Peer-led Asthma Programs Preferred by Adolescents Living in Urban Areas


Investigators suggested that peer-led asthma program implemented in venues such as schools, houses of worship, or clinics can improve access to asthma education.

Hyekyun Rhee, PhD

Hyekyun Rhee, PhD

New data asthma education methods found that peer-led asthma self-management education more effective than adult-led programs in improving asthma outcomes, with improvements being sustained for up to 15 months.

The findings suggested that the disproportionate asthma burden in racial and ethnic minority adolescents living in urban communities could be addressed through peer-led self-management programs.

Prior to the study, the long-term effectiveness of peer-led asthma programs was not established, though they were found to be effective in improving quality of life in school-based studies outside of the United States.

In a multi-site randomized clinical trial led by Hyekyun Rhee, PhD, University of Rochester, a team of investigators examined the long-term effects of a peer-led program on asthma outcomes in adolescents living in urban areas compared to a conventional adult-led approach in 3 US metropolitan communities.

The Methods

The study was conducted in Buffalo, New York, as well as Baltimore, Maryland, and Memphis, Tennessee, between 2015 and 2019.

Recruitment was conducted at clinical practices (29.7%) as well as schools (22.5%), word of mouth (20%), and through advertisements (10.3%).

Eligible criteria required that participants were 12 to 17 years of age, in a urban residency, asthma diagnosis for at least 1 year, persistent asthma defined by the Expert Panel Report-3 (EPR-3)criteria or current use of a controller medication, asthma-related health care utilization in the past 12 months, and proficiency in the English language.

In the end, a total of 320 adolescents participated in the study, a majority of whom were Black ir African American (78.4%), with public health insurance (72.5%).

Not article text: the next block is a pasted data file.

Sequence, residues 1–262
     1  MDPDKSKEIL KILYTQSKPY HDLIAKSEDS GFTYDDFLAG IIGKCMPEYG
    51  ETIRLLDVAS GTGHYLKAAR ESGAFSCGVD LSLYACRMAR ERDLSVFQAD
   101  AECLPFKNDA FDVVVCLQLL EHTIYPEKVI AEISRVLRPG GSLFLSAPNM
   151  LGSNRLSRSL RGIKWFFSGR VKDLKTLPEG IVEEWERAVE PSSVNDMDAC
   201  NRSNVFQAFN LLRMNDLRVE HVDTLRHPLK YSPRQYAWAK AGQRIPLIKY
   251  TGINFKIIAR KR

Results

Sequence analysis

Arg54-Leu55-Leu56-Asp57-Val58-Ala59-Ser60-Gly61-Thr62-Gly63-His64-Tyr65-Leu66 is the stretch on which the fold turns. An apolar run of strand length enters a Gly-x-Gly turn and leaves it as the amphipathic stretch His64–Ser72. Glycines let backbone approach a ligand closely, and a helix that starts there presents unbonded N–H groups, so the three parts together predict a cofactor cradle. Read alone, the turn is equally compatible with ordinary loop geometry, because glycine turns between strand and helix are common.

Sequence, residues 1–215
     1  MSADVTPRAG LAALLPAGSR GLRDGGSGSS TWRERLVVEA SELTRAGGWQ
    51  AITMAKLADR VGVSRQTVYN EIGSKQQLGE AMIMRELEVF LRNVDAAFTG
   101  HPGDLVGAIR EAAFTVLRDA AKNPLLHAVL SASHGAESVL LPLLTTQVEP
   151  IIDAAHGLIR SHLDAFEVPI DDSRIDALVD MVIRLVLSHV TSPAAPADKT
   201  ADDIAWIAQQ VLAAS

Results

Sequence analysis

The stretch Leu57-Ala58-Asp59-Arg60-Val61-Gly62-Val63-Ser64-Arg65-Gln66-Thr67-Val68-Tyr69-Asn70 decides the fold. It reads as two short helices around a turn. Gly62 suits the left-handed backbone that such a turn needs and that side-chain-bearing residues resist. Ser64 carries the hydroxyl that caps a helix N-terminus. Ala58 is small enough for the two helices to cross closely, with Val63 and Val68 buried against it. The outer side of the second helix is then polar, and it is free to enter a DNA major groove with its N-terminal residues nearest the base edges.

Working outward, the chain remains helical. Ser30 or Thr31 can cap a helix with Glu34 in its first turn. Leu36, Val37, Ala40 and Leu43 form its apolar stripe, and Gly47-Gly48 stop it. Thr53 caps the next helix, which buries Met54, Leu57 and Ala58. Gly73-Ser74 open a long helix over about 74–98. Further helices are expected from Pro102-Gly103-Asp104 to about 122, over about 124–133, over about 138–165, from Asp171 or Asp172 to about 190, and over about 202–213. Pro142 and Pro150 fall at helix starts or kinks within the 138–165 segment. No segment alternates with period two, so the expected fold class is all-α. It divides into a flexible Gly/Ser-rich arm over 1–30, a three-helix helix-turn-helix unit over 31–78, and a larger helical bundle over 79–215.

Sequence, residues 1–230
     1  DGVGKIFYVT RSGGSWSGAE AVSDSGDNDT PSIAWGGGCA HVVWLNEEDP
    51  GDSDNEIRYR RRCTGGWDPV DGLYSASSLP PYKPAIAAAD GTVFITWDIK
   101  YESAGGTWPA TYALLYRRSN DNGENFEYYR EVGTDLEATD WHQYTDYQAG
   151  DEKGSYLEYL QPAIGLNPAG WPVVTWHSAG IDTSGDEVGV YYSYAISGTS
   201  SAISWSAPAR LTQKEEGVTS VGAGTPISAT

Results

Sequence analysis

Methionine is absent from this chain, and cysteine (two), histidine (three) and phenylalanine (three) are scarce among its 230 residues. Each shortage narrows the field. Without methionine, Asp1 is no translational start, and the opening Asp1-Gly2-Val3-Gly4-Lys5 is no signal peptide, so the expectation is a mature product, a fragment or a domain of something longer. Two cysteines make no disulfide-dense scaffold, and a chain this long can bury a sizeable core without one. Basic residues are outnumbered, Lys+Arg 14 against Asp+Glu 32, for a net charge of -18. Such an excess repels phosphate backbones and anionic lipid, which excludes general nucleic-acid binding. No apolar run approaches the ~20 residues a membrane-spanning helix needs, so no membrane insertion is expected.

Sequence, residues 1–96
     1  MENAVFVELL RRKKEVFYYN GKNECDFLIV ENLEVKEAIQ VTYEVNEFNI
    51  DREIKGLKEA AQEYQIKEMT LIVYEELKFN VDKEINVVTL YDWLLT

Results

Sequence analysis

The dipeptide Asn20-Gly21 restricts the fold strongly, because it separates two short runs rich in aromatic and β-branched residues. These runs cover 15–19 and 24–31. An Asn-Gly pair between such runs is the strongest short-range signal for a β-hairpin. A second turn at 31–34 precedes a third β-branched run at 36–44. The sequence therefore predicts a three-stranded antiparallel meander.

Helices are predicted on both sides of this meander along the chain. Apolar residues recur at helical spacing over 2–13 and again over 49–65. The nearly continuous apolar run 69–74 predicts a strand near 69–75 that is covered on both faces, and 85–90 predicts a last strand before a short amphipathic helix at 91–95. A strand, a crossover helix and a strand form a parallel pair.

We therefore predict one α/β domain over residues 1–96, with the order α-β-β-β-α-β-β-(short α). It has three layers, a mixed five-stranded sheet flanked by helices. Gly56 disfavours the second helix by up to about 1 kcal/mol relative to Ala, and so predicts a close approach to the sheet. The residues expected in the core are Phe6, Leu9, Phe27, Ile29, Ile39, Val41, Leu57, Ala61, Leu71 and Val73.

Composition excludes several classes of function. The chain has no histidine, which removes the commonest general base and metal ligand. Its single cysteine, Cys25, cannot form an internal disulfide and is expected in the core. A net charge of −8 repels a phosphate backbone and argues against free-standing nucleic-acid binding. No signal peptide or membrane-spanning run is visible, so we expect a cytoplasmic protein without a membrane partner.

Of the 320 enrolled, 303 participants were included in the longitudinal analysis.

Participants were divided between intervention and control groups, though all participants attended a day camo where a manualized asthma self-management program was implemented.

The intervention group attended a camp where trained peer leaders delivered the program to a small group of 4 to 8 adolescents, with peer leaders conducting bimonthly contacts occurring every other month using a standardized script for 12 months.

Adult leaders (asthma educators or nurse practitioners) led the control group and delivered identical educational content at the same venue as the intervention group.

Investigators utilized the Pediatric Asthma Quality of Life Questionnaire to measure symptoms, activity limitations, and emotional functioning of each participant in the past 2 weeks. This was considered the primary outcome of the study.

Secondary outcomes included asthma control, asthma self-management, and lung function.

The Findings

Though uality of life improved over 15 months for both groups for all 3 subscales in the study, the intervention group showed greater improvement than the control group in overall quality of life (AMD at 15 months, 0.75 vs 0.37; between-group AMD, 0.38; 95% CI, 0.07-0.63).

Asthma control also improved over time for both groups, though the improvement was greater in the intervention group than in the control group (15-month AMD, −0.59 vs −0.31; between-group AMD, −0.28; 95% CI, −0.51 to −0.01).

Investigators noted that male participants had better controlled asthma regardless of group.

Overall, the investigative team found that program effects were greater when led by peer leaders than health care professionals, which suggested that peer-led approaches acted as a “promising strategy” when delivering asthma self-management education for racial and ethnic minority adolescents living in urban areas.

“A peer-led asthma program implemented in venues such as schools, houses of worship, or clinics can improve access to asthma education, ameliorating the disproportionate burden of asthma morbidity in racial and ethnic minority adolescents residing in large US urban communities,” the team wrote.

The study, “Long-term Effectiveness of a Peer-Led Asthma Self-management Program on Asthma Outcomes in Adolescents Living in Urban Areas :A Randomized Clinical Trial,” was published online in JAMA Open Network.

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